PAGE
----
Johnson believes her time in the unit allowed her to understand how “normal” people can treat those with disabilities as fundamentally different. There were moments when she became caught up herself.

“These women had terrible lives. I think it was very painful for anyone to confront those lives and the decisions that had been made in relation to them. You look for ways to protect yourself from that guilt and anxiety, and so you depersonalise them.

“It’s very difficult to know what these women made of the lives they led, what they felt about it, or what their inner desires were, because they couldn’t articulate them.”

During Johnson’s study, the then State Government announced Hilltop’s closure. Some of the women were relocated to community residential units, four- or five-bedroom houses staffed by carers. But not everyone was so fortunate. Brigid finished up in a country institution not unlike Hilltop.

“Some are better off now, but it’s not a fairy story; they don’t live happily ever after,” Johnson says. “The women who went into the community – I would have to say that their living conditions are incredibly better. They went into largely new housing where they had their own bedrooms and didn’t have to go through three locked doors to get a glass of water; where there were things to do.

“One woman took me out into the garden and showed me the strawberries and rhubarb she had helped plant. Another had helped make the cake we had for afternoon tea. ‘Laura’ had screamed a lot in the unit, but her screaming reduced considerably and then stopped some weeks after moving. That’s not true of all the woman. Others carried their behaviors with them.”
Johnson’s work cannot be consigned to history. Successive governments have continued to pursue a partial policy of returning people with disabilities to the community, but several large institutions remain, including those at Kew and Colac. Some have locked units, and others have units that are locked in all but name (“They remove the doorknobs from the inside,” Johnson says.)

She is concerned that there is a trend for governments worldwide to move back towards large institutions and says Victoria has recently committed resources to refurbishing some old institutions and building new ones.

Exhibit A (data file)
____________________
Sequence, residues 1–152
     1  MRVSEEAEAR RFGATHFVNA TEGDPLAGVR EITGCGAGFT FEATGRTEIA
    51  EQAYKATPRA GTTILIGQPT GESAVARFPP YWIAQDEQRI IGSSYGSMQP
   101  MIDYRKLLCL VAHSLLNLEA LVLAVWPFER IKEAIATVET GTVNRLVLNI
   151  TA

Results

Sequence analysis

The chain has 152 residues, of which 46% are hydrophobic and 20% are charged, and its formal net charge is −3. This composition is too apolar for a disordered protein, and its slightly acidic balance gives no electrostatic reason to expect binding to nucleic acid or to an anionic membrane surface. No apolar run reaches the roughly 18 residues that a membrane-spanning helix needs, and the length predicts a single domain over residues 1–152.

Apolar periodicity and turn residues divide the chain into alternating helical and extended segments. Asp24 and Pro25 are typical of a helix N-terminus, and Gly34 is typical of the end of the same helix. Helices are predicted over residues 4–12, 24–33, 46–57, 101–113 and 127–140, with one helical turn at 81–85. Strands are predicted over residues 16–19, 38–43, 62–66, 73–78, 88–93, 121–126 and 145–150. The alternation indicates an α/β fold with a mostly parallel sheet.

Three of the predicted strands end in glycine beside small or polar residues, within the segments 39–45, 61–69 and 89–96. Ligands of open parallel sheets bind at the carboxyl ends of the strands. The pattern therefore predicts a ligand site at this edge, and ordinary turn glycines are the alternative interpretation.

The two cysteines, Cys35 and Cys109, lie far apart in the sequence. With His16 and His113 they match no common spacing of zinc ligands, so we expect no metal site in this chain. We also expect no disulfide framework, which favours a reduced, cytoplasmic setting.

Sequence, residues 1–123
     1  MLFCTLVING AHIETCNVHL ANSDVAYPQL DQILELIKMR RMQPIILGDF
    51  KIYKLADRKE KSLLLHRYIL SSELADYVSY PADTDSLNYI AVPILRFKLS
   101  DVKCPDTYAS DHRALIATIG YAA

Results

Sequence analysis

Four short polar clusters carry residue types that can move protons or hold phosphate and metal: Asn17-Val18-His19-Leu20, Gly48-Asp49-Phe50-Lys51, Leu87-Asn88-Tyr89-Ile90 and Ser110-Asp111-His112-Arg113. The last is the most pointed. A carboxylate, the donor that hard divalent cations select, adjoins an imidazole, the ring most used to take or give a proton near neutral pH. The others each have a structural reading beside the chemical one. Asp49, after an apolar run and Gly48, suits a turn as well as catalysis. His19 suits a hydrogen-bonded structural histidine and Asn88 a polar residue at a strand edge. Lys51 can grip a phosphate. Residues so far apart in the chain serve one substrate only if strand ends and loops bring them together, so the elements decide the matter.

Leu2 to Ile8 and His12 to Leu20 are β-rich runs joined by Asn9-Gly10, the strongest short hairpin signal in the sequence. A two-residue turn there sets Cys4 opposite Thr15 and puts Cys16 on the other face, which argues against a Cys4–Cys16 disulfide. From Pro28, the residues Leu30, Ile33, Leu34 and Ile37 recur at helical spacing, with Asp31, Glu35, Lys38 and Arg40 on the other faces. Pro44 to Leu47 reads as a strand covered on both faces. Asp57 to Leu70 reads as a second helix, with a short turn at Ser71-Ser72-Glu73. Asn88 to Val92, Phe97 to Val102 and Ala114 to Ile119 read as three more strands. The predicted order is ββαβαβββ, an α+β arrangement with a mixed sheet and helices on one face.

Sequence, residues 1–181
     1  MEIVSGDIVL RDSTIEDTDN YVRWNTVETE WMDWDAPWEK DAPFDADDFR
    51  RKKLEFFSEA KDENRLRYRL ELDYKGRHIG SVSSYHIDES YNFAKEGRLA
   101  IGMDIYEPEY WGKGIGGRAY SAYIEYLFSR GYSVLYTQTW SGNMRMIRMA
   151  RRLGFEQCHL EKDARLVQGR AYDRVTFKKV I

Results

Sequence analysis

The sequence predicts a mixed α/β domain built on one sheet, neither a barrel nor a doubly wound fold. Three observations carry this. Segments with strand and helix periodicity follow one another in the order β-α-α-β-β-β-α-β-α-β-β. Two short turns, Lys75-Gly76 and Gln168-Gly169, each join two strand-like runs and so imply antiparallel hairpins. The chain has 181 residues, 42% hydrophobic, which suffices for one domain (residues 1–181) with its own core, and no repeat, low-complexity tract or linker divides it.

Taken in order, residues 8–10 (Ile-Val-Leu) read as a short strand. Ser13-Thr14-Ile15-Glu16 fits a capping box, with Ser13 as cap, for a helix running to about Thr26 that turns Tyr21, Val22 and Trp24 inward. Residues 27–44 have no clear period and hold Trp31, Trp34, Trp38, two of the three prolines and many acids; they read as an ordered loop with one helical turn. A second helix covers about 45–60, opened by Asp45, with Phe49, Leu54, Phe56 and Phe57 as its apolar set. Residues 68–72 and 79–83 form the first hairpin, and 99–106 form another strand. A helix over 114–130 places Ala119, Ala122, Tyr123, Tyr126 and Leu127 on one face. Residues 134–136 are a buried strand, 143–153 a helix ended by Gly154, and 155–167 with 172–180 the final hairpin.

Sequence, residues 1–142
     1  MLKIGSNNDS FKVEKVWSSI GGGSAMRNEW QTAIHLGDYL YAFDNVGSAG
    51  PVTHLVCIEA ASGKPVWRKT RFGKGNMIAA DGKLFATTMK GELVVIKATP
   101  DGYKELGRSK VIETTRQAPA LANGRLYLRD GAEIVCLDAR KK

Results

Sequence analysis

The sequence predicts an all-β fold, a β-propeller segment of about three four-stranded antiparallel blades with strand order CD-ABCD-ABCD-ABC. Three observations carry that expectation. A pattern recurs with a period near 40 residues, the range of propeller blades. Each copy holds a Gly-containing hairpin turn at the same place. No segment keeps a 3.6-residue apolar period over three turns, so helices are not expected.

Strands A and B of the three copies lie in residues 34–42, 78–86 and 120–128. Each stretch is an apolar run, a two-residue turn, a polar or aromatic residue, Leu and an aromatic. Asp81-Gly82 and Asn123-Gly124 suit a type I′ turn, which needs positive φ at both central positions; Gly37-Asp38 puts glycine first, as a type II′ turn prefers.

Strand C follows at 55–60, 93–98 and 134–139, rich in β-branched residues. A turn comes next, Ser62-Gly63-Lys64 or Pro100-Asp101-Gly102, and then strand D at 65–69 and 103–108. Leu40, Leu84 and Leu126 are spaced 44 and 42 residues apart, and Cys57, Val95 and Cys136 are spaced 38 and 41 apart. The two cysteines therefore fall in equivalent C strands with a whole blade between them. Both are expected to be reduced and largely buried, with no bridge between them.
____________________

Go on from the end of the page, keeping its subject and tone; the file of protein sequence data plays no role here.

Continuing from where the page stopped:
She would like to see all large institutions closed. The living conditions at those remaining are probably better than at Hilltop, she says, but they share a similar structure and style. Johnson believes big institutions inevitably develop a culture in which the individual’s difficulties are viewed only from the administration’s perspective, as “management problems”.

She acknowledges there will always be some people so severely disabled that they require high levels of support. “But for the life of me, I can’t see why that has to happen in big places,” she says. She grimaces. “Other than for economic reasons.”

* Deinstitutionalising Women: An ethnographic study of institutional closure, by Kelley Johnson, Cambridge University Press, $29.95.

First published in The Age.

This woman’s war

Betty Jeffrey must have been destined to live a long life. It’s hard to believe luck alone could have seen her through so much. Take the time she was sterilising instruments on a primus stove in a marquee on a tennis court in Malaya, where she was nursing wounded Australian troops in 1942.

She’d delayed taking cover when shelling started because the instruments were about to boil. A piece of shrapnel came whizzing into the tent, heading her way. One of the men cried out to her and, because she turned her head to answer, the hot metal missed her skull and merely grazed her cheek. The resulting welt lasted weeks.

Later that day, she took the walking wounded to a trench for protection during shelling. She recalls, “They were there for quite a while, and I thought, ‘It’s quiet now; I’ll go out and do their dressings.’
“I was halfway across the lawn when this lone bomber came across very low, just above the tree tops, machine-gunning the ground all the way. I just held the instrument tray above my head; it had a cloth with a red cross on it. He turned the gun off as he passed over me and then on again.”

Jeffrey was one of a group of Australian army nurses and other women and children captured by the Japanese and starved in prison camps on Sumatra for three-and-a -half years. Part of her story is being retold in a new anthology, As We Wave You Goodbye: Australian Women and War, edited by historian Jan Bassett.

The anthology includes a chapter from Jeffrey’s 1954 book, White Coolies, in which she described her years as a prisoner-of-war. Bruce Beresford’s 1997 film Paradise Road is based partly on her diaries.

Jeffrey, now 90, is still living alone and independently (she never married) in her sunny flat in Melbourne’s eastern suburbs. She is uncomfortable with this latest round of publicity, conscious that she was just one of many and reluctant to make much of things that, at the time, simply had to be taken in one’s stride. This was a group for whom duty and service were paramount. She says quietly: “Every one of those girls can tell you stories like this. We were really in the war.”

“Those girls” are the army nurses who served on Singapore with Jeffrey. Most were evacuated safely before it fell to the Japanese in February 1942, but Jeffrey and 64 others had to wait for a second ship, the Vyner Brooke. They were not so lucky. They were attacked two days out of Singapore.

Jeffrey remembers: “There were three (Japanese) planes. They (machine-gunned) the lifeboats before they attacked; they were close enough to see that the ship was full of women and kids.